The phones were hacked by private investigator Glenn Mulcaire, who allegedly acted at the behest of the Rupert Murdoch-owned tabloid, and kept meticulous notes of his activities.
His notes have provided the police much information in the ongoing investigation. The latest figure of 5,795 victims is likely to go up as investigations continue at various levels.
The controversy seriously dented Murdoch's media empire in Britain, including his company's withdrawal of the BSkyB takeover bid.
A spokesman for Scotland Yard said yesterday: "It is not possible to give a precise figure about the number of people whose phones have actually been hacked but we can confirm that as of today's date, November 3, 2011, the current number of potentially identifiable persons who appear in the material, and who may therefore be victims, where names are noted, is 5,795.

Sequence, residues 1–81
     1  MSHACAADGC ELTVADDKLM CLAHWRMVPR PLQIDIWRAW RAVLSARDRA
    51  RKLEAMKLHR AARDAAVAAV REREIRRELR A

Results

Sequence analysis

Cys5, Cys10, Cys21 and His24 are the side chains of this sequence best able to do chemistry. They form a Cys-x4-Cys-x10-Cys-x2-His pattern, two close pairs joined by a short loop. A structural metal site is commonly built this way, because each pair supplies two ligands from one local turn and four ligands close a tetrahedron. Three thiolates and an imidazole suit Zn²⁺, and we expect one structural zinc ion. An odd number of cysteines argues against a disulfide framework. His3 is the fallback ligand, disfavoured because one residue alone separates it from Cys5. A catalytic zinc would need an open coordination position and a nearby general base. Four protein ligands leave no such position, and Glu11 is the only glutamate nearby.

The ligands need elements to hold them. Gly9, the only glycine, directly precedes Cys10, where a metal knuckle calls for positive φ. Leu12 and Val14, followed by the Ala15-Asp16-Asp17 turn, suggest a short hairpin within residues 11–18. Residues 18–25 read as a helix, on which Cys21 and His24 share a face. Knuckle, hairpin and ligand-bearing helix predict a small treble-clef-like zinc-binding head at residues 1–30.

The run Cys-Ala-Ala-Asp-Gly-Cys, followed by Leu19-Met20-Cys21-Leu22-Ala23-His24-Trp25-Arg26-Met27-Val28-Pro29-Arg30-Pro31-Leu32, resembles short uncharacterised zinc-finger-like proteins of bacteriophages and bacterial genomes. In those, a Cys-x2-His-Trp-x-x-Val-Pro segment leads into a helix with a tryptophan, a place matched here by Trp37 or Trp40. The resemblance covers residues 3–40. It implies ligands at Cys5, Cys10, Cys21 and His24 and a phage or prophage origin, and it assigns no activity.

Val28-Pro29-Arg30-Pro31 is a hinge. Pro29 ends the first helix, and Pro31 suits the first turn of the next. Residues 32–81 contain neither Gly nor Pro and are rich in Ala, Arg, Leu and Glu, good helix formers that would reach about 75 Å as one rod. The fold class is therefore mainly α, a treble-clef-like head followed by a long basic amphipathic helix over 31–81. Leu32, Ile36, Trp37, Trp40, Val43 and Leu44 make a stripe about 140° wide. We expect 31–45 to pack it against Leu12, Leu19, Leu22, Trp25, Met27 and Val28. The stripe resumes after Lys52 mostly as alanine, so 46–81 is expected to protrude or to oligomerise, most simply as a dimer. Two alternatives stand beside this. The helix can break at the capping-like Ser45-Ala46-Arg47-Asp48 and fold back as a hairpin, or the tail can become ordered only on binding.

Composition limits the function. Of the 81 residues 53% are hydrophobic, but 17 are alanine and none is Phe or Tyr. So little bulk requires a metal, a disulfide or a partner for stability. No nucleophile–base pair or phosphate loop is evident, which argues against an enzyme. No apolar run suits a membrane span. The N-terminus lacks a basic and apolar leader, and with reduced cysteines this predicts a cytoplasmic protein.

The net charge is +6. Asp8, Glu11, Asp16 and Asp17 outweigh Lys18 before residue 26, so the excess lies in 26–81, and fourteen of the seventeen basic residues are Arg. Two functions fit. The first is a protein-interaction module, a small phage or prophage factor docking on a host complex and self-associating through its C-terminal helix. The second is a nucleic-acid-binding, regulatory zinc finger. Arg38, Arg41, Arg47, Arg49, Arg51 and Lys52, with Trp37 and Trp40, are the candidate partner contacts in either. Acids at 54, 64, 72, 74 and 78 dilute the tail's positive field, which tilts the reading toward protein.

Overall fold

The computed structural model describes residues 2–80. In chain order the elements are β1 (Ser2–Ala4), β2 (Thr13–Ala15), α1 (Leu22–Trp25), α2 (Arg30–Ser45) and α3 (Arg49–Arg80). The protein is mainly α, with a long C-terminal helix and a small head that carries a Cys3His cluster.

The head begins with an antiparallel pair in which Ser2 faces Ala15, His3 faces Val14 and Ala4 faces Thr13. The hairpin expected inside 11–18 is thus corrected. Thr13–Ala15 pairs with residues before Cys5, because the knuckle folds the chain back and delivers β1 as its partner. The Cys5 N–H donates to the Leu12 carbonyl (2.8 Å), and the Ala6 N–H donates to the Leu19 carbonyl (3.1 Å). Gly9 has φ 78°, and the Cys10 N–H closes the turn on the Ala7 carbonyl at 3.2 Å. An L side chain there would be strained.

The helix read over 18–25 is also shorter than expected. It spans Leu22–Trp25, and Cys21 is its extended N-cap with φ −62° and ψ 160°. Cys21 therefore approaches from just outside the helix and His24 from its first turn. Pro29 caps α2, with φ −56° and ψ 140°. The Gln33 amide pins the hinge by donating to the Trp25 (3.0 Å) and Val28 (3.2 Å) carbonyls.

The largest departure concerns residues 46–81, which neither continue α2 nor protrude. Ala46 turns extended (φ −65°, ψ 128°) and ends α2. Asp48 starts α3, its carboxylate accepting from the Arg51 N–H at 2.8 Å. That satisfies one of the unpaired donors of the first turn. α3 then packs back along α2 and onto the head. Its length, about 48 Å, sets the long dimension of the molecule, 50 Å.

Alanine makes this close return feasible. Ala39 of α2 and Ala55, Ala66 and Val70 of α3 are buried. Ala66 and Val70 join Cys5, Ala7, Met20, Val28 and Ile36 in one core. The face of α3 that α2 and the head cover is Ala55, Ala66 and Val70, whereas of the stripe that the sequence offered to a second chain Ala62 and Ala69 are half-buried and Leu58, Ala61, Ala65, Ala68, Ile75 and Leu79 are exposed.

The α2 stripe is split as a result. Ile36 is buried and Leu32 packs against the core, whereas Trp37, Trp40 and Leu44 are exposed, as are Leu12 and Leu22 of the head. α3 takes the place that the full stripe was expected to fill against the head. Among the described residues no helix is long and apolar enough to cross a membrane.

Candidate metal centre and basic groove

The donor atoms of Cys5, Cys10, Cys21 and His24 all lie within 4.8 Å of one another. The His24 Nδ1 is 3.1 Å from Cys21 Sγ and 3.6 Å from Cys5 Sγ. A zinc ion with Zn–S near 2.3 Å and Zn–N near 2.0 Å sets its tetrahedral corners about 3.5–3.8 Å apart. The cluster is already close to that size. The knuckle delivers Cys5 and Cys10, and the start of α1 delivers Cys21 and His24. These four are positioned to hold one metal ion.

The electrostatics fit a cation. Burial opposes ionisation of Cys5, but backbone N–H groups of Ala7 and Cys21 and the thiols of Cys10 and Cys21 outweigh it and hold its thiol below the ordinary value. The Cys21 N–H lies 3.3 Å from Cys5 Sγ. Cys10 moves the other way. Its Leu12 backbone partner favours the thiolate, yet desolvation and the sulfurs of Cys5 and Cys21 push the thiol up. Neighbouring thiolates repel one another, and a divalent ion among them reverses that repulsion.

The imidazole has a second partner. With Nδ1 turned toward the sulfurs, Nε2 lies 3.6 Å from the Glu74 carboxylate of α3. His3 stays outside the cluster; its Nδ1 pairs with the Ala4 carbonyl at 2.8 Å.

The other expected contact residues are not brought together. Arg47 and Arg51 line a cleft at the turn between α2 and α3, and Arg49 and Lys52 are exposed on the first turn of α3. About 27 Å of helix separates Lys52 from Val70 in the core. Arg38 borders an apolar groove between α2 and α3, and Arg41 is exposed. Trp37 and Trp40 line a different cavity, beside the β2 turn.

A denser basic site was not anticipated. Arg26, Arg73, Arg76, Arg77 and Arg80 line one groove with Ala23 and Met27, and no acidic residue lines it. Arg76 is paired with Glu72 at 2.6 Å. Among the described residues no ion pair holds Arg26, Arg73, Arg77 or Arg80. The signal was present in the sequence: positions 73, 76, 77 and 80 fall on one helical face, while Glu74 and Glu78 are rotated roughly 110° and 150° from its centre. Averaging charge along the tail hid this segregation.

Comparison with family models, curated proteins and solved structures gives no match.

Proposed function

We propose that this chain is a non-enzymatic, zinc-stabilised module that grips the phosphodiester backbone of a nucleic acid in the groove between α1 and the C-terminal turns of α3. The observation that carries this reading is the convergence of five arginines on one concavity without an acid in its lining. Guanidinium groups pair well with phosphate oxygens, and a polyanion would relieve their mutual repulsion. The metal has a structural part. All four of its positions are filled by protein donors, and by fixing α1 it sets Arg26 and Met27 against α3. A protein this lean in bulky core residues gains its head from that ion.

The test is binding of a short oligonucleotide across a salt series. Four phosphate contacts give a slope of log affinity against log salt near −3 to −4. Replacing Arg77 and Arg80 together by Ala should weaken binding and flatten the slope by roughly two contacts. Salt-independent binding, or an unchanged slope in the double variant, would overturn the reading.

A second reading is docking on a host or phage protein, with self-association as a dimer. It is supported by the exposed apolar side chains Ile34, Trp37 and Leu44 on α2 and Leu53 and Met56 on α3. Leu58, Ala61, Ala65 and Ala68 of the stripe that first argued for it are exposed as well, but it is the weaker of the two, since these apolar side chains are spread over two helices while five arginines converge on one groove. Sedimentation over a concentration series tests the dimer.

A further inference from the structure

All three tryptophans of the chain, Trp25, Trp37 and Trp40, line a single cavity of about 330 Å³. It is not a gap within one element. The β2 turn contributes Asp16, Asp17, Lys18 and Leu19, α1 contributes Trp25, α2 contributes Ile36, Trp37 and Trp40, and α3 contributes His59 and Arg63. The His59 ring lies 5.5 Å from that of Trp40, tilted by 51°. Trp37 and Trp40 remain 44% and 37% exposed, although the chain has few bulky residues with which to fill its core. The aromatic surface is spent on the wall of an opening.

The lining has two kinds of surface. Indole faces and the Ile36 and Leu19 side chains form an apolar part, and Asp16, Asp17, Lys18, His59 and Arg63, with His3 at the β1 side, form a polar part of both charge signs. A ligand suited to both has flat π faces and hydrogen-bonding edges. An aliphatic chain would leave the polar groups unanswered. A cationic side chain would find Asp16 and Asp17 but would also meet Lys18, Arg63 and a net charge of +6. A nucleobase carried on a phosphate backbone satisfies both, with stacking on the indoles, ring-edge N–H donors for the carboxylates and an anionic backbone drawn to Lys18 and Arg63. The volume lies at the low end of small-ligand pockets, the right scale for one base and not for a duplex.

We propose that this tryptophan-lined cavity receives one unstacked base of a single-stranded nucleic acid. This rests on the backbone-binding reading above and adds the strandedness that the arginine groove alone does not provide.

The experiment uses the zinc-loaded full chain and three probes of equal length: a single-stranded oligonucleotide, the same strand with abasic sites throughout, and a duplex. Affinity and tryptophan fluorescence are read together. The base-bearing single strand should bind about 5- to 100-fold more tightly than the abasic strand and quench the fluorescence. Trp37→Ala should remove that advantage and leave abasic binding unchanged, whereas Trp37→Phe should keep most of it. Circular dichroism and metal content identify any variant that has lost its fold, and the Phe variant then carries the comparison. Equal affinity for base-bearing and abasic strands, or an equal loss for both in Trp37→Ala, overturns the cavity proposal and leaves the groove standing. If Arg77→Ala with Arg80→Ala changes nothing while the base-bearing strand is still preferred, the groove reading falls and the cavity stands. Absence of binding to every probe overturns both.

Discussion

This figure is very likely to be revised in the future as a result of further analysis."
The Guardian's original story in 2009 suggested that between 2,000 and 3,000 individuals may have been victims of phone hacking, but new figures lend credence to claims by victims and their solicitors that the practice was on an "industrial scale" at the tabloid.
Mulcaire was jailed in 2007 and is currently fighting over 40 legal cases brought by celebrities such as Hugh Grant and Jemima Khan.